Filing Your 2012 Tax Return – What You Need To Know
For tax year 2012, personal exemptions and standard deductions will rise and tax brackets will widen due to inflation. By law, the dollar amounts for a variety of tax provisions, affecting virtually every taxpayer, must be revised each year to keep pace with inflation and recent tax legislation. The Fiscal Cliff tax deal also makes permanent a number of tax provisions unique to this year’s tax filing season. Here are some things you should know when filing taxes this year:
- Your 2012 Individual Federal Income Tax Return is due by April 15, 2013.
- For an automatic 6-month extension of time to file, submit Form 4868 to the IRS. Caution: Although Form 4868 allows you more time to file, it does not extend the time to pay your taxes. Filing or paying after the due date may result in penalties and interest.
- If you expect to owe on your tax return, see 11 Tips for Taxpayers Who Owe Money to the IRS
- If you had insufficient federal tax withholding this year, you can determine the correct amount of withholding for next year using the IRS Withholding Calculator.
- For most taxpayers, the first-time homebuyer credit expired in 2011. Only some military and intelligence personnel can still claim the credit. For more information, click here.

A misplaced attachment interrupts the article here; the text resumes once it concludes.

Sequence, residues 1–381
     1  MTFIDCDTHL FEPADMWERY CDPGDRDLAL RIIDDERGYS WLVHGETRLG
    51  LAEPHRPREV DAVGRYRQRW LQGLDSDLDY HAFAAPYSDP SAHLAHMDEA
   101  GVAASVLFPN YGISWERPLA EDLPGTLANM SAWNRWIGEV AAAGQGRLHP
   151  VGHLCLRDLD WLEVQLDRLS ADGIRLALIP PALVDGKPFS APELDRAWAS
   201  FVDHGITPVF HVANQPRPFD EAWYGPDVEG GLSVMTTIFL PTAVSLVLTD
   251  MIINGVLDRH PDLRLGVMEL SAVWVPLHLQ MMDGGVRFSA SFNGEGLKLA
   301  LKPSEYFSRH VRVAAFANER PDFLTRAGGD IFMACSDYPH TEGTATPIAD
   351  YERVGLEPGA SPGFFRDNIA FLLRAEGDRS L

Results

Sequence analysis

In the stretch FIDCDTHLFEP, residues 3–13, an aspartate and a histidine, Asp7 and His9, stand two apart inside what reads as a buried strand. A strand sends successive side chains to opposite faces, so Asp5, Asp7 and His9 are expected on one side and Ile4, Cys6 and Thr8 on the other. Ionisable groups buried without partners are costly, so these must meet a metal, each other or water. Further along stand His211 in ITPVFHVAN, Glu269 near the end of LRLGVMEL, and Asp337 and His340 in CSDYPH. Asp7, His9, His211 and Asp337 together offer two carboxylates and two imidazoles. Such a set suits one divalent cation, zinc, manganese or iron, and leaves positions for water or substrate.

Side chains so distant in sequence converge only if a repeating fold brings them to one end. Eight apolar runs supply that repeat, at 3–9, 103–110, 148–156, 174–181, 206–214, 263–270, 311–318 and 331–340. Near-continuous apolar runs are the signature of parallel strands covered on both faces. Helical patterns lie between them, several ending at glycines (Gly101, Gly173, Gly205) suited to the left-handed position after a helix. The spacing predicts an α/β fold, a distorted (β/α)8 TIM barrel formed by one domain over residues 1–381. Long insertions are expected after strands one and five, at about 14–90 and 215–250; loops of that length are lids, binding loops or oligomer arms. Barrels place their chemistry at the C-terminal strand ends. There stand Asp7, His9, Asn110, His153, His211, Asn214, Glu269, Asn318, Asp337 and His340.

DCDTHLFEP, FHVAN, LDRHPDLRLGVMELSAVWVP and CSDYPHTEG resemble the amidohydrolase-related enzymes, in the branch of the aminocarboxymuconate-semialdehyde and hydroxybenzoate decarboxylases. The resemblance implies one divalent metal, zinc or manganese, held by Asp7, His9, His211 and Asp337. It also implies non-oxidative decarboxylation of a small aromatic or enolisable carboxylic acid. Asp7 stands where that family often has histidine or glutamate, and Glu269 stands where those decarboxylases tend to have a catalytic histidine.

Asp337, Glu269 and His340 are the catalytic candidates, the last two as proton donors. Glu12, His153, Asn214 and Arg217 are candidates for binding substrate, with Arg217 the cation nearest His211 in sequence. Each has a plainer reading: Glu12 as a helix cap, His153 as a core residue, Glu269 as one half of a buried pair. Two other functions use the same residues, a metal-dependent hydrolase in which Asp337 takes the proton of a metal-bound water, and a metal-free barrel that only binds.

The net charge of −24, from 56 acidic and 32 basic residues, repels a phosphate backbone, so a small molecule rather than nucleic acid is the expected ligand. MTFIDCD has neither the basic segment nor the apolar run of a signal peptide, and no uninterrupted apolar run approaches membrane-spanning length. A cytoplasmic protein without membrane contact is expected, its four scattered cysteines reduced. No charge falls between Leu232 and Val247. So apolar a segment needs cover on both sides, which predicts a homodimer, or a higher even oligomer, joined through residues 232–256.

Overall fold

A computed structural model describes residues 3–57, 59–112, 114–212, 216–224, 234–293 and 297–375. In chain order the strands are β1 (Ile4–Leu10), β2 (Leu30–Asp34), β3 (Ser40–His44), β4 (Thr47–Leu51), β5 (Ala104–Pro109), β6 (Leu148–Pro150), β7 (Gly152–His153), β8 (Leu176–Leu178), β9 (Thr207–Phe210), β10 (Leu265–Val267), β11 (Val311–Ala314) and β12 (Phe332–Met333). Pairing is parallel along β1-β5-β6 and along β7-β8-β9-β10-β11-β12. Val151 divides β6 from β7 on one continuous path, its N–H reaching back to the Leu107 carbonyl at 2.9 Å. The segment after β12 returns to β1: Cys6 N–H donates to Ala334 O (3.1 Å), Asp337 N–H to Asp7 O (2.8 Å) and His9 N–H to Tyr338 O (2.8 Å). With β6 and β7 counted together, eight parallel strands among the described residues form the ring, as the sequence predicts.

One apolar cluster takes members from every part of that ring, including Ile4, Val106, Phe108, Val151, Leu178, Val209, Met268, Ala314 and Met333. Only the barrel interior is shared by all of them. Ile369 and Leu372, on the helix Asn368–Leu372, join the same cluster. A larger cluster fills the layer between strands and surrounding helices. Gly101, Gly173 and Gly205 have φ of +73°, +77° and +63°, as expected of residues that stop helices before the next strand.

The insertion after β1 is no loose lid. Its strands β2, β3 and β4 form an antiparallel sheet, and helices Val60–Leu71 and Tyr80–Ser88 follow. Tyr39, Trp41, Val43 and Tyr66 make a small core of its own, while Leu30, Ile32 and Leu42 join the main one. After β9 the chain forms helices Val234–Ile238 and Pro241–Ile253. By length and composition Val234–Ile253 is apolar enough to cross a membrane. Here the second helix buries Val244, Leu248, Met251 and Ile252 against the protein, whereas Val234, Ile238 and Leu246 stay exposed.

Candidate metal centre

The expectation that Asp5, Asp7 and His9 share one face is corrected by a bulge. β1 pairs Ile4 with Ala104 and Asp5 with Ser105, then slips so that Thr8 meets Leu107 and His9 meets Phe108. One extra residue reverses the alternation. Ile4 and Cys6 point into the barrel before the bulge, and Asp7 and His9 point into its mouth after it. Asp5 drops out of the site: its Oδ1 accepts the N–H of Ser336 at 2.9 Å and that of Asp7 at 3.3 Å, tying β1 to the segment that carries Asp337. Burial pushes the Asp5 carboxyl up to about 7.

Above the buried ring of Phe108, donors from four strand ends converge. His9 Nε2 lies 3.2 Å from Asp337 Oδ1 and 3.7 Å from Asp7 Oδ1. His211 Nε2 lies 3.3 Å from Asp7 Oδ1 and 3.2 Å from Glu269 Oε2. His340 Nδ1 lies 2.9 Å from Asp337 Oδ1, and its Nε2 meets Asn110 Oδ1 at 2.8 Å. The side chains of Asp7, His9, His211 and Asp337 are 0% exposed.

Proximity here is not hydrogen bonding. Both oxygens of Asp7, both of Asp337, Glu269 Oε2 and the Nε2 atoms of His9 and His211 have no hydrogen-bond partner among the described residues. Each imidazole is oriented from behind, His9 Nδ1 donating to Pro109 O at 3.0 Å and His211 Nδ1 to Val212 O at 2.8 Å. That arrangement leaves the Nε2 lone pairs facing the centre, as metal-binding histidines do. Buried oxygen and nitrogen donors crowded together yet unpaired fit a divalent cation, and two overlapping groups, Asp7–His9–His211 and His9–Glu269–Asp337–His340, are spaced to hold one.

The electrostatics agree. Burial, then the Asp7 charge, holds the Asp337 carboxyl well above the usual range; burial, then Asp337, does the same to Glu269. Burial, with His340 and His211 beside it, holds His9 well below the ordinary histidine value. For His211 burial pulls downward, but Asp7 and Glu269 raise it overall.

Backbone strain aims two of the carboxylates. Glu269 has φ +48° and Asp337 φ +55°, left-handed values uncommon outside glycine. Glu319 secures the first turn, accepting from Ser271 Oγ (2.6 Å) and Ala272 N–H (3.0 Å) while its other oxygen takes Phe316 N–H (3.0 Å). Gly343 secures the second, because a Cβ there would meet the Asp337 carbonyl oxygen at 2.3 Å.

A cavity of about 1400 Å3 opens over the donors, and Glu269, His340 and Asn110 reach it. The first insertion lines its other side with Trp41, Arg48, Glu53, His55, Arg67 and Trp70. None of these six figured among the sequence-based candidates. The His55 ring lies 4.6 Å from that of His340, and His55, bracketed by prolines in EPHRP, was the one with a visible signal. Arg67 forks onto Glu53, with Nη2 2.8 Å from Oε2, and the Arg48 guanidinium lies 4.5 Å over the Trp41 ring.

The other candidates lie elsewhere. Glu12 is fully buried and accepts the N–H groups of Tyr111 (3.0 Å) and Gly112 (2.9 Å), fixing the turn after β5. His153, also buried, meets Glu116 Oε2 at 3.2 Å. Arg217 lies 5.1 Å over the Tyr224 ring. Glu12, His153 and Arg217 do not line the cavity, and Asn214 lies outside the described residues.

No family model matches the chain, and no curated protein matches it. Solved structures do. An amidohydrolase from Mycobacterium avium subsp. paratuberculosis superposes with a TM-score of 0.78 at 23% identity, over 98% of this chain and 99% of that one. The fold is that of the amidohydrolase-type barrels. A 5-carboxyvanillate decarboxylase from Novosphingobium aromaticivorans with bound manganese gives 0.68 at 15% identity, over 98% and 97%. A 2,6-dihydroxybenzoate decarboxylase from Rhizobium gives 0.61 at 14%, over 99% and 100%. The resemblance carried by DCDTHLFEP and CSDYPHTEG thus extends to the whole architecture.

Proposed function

- The personal and dependent exemption amounts have increased to $3,800, up $100 from 2011.
- The standard deduction has also increased for 2012. The 2012 amounts are: Single $5,950, Head-of-household $8,700, Married Filing Joint $11,900, Married Filing Separately $5,950. The IRS estimates approximately 66% of taxpayers take the standard deduction, rather than itemizing deductions.
- To claim a deduction for business use of your vehicle, use the standard mileage rate of 55.5 cents for each business mile driven.
- The alternative minimum tax (AMT) exemption is increased to $50,600 single and $78,750 married.
- The tax rate on ordinary income for taxpayers earning over $400K (or $450K married) increases from 35% to 39.6%.
- Capital gains and dividends now have a top tax rate of 20%
- The estate tax exemption remains at $5M per person, however the top rate increased to 40%.
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